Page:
Jesse L. Strickland was an architect who specialized in breathing new life into the center’s older buildings and standardizing construction specifications across the agency.
Strickland was born in Philadelphia on April 5, 1923. Several years later his family relocated to Cleveland where he graduated from East Technical High School. During World War II, he enlisted in the Army Air Corps, where, according to his family, Strickland assisted in the drafting plans for some of the facilities at Elgin Air Force Base in Florida.
Strickland held a variety of jobs after the war, including working as a draftsman for the father of close friend Robert P. Madison. Strickland and Madison subsequently pursued architecture degrees at the University of Buffalo and Western Reserve University. Madison, who became a successful architect himself, noted, “[Strickland] had what we call a great pencil: He could draw very well.” The two later partnered on several projects.
In 1950 the NACA hired Strickland into the Drafting Section at its Lewis Flight Propulsion Laboratory in Cleveland. With the transition of the NACA to NASA in 1958 the drafting group was integrated into the new Architectural Design Branch of the Facilities Engineering Division. The branch was responsible for managing the architectural aspects of all facility design and construction projects at the center. This included both new structures and the modernization of existing buildings. They created conceptual designs, specifications, and drawings, while also providing cost estimates and supervising contracts with architectural firms.
In the early 1960s Strickland contributed to the design of the Development Engineering Building and the rehabilitation of the library in Building 60. He was also was responsible for the Space Power Facility’s architectural work at Plum Brook Station [today, Neil Armstrong Test Facility].
Strickland proposed that all NASA centers use standardized construction specifications to facilitate interactions between designers, engineers, and contractors. In January 1966 NASA authorized the use of this procedure across the agency to improve institutional processes and recognized Strickland’s contribution. The Cleveland Chapter of the Construction Specifications Institute selected Strickland as its president for 1970 and 1971. He was the first African-American to hold that position.
In the early 1970s, Strickland was responsible for the Lewis Facilities Improvement Program—an effort to renovate many of the center’s buildings that were built in the early 1940s. Strickland oversaw the modernization of the Administration Building lobby and auditorium, the Guerin House, the main cafeteria, the small dining room, the Central Control Building, and other projects. In the late 1980s he was a key contributor to the conversion of Building 15 into the Edward R. Sharp Employee Center.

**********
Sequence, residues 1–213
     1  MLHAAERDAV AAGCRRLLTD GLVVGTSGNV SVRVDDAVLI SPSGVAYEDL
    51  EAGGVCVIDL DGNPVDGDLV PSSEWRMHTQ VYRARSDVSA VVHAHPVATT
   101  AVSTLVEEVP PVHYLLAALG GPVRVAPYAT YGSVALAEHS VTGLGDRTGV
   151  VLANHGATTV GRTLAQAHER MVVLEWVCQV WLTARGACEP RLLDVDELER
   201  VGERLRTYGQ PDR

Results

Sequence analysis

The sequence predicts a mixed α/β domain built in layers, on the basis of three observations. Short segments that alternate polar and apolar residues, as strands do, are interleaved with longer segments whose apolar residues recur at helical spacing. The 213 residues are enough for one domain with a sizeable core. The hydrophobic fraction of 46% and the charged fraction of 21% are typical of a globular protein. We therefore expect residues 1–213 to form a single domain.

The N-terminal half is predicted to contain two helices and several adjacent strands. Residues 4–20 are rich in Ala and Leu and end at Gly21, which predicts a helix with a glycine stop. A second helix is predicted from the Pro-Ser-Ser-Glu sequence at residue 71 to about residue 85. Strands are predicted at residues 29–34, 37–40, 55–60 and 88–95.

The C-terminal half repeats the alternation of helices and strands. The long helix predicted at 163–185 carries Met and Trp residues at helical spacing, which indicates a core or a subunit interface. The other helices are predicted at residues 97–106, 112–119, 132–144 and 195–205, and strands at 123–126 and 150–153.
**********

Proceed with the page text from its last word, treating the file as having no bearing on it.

In the 1980s, Strickland was responsible for the automation of the center’s construction specifications for computer hardware and software systems. He served on an agency team that applied construction specifications at the centers.
In addition to his professional duties, Strickland was active in the community as a counselor and speaker. He began performing community volunteer work in the mid-1950s. He took particular interest in programs that provided training and counseling to poor or under-educated young people. He served on the board of the Blossom Hill School for Girls and the Cleveland Boys School, and held a leadership role with Youth Enrichment Services. He served as an advisory board member to the Cleveland Board of Education’s Clara Morris Work Study Program—which was established specifically to give high school dropouts a chance to complete their education. President Richard Nixon recognized Strickland’s “excellent record of service in a wide variety of educational and civic activities in your area, particularly your work with teen-agers.”
When Lewis established its first Equal Employment Opportunity (EEO) Committee in 1966, Strickland was among its first members. As an EEO counselor, Strickland made an effort to reach out to all new African-American employees at the center.
Strickland also gave hundreds of presentations as a member of NASA’s Speakers Bureau, often using his architectural background to discuss activities in space.
Jesse Strickland retired in 1983 after 33 years of service to the NACA and NASA. In retirement he continued his lecturing for NASA and on his own. He became known for his “Life Beyond Earth” talk regarding space colonization. He also consulted on various architectural projects. Strickland passed away in 2011.